You are here:

Using A Problem-Based Collaborative Learning Framework to Connect and Support Blended and Distance Learning Students

, DePaul University, United States

EdMedia + Innovate Learning, in Vienna, Austria ISBN 978-1-880094-65-5 Publisher: Association for the Advancement of Computing in Education (AACE), Waynesville, NC


This initiative explored the potential of combining the Blended (BL) and Distance Learning (DL) sections of a Human Development pre-service teacher class, to assist the BL students better comprehend online learning, encourage the DL students feel more integrated in the learning community, acclimatize all to a culture of collaboration and sharing of best practices, and familiarize them with educational technology processes and applications. Both BL and DL sections reported high degree of satisfaction with the instructional design and implementation of the class, as well as with their perceived learning and performance


Avgerinou, M. (2008). Using A Problem-Based Collaborative Learning Framework to Connect and Support Blended and Distance Learning Students. In J. Luca & E. Weippl (Eds.), Proceedings of ED-MEDIA 2008--World Conference on Educational Multimedia, Hypermedia & Telecommunications (pp. 2523-2528). Vienna, Austria: Association for the Advancement of Computing in Education (AACE). Retrieved February 19, 2019 from .


View References & Citations Map


  1. Dabbagh, N., & Bannan-Ritland, B. (2005). Online learning: Concepts, strategies, and applications. Columbus, OH: Pearson Merrill Prentice Hall.
  2. Donovan, M.S., Bransford, J.D., & Pellegrino, J.W. (Eds.) (1999). How people learn: Bridging research and practice. Washington, DC: National Academy Press.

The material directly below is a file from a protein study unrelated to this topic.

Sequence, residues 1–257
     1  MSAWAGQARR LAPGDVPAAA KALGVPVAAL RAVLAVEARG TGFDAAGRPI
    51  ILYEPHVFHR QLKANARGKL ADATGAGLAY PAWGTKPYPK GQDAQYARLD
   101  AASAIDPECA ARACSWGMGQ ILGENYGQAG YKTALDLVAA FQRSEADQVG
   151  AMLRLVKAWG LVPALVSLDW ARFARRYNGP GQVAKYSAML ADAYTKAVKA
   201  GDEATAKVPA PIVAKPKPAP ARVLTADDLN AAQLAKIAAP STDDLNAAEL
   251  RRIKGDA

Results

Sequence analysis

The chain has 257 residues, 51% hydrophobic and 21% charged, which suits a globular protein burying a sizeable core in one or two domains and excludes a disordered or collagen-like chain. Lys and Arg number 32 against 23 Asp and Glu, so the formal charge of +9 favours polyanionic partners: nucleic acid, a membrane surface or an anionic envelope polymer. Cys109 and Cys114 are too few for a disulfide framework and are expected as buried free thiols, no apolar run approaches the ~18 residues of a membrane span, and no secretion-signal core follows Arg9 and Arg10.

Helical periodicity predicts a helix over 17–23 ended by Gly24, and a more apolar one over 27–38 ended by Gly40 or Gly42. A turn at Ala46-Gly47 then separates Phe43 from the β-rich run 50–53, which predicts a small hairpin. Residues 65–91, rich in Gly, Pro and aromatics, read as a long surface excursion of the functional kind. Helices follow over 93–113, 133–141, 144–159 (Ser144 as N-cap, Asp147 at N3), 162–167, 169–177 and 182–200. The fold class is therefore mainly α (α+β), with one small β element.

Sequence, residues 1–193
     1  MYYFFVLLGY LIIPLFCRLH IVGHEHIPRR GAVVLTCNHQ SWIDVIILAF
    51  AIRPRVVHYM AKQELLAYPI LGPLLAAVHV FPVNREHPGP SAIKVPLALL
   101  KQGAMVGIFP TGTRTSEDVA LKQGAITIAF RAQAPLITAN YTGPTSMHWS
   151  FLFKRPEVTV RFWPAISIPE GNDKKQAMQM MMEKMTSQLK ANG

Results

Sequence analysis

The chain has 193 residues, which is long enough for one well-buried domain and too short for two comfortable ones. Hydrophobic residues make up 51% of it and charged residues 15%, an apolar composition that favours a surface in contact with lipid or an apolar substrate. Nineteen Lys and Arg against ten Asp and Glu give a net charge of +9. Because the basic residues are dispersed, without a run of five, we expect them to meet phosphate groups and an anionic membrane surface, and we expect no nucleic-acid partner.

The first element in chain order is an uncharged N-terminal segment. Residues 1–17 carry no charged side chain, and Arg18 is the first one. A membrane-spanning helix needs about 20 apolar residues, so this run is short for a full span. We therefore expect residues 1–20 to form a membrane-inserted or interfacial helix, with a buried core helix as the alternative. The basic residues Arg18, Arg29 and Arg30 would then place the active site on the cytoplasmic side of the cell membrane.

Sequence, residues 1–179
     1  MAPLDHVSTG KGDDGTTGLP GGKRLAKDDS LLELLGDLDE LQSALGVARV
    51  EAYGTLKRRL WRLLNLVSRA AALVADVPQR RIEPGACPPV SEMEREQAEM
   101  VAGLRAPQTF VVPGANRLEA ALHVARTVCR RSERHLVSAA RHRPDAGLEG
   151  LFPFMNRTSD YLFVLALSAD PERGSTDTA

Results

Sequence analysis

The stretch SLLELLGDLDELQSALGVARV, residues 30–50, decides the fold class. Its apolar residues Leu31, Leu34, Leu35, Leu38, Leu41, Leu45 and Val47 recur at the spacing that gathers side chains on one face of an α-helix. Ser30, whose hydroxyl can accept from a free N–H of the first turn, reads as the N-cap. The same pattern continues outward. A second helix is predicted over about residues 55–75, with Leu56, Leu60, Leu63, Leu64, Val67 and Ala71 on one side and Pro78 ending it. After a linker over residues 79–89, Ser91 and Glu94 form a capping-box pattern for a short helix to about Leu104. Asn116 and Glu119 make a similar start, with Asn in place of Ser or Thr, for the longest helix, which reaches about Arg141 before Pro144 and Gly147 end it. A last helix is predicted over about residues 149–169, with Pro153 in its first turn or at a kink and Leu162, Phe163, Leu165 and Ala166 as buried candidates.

3. Eggen, P., & Kauchak, D. (2001). Educational psychology: Windows on classrooms (5th ed.). New Jersey, OH: Pearson Merrill Prentice Hall.
  4. Grabe, M., & Grabe, C. (2007). Integrating technology for meaningful learning (5th ed.). New York, NY: Houghton Mifflin Company.
  5. Graham, C.R. (2006). Blended learning systems: Definition, current trends, and future directions. In C.J. Bonk, & C.R. Graham (Eds.) The handbook of blended learning: Global perspectives, local designs (pp. 3-21). San
  6. Johnson, D.W., & Johnson, R. (2006). Learning
  7. Liu, X., Lee, S., Bonk, C.J., Magjuka, R.J., Liu, S., Kim, K., & Shi, M. (2005). Explore the four dimensions of online instructor roles? Paper presented at the Association for Educational Communications and Technology Conference-Orlando, Florida.
  8. Prendergast, G., & Crawford, G. (1997). Strategy for the successful introduction of computer mediated learning. Paper presented at the ONLINE EDUCATION International Conference on Technology Supported Learning-Berlin, Germany.
  9. Rosie, A. (2000). Deep learning and an online environment. Retrieved May 30, 2005 from
  10. Rovai, A.P. (2002). Building sense of community at a distance. The International Review or Research in Open and Distance Learning, 3(1). Retrieved April 25, 2008 from
  11. Salmon, G. (2001). Psychological and group learning perspectives: Their relevance to e-learning. Retrieved May 30, 2005 from
  12. Seaman, J. (2003, June). The Sloan survey of online learning. Perspectives in Quality Online Education, 2(4). Retrieved March 3, 2005, from
  13. Slavin, R.E. (1995). Cooperative learning: Theory, research, and practice (2nd ed.). Boston, MA: Allyn and Bacon.
  14. Wild, M., & Quinn, C. (1998). Implications of educational theory for the design of instructional multimedia. British Journal of Educational Technology, 29(1), 73-82.

These references have been extracted automatically and may have some errors. If you see a mistake in the references above, please contact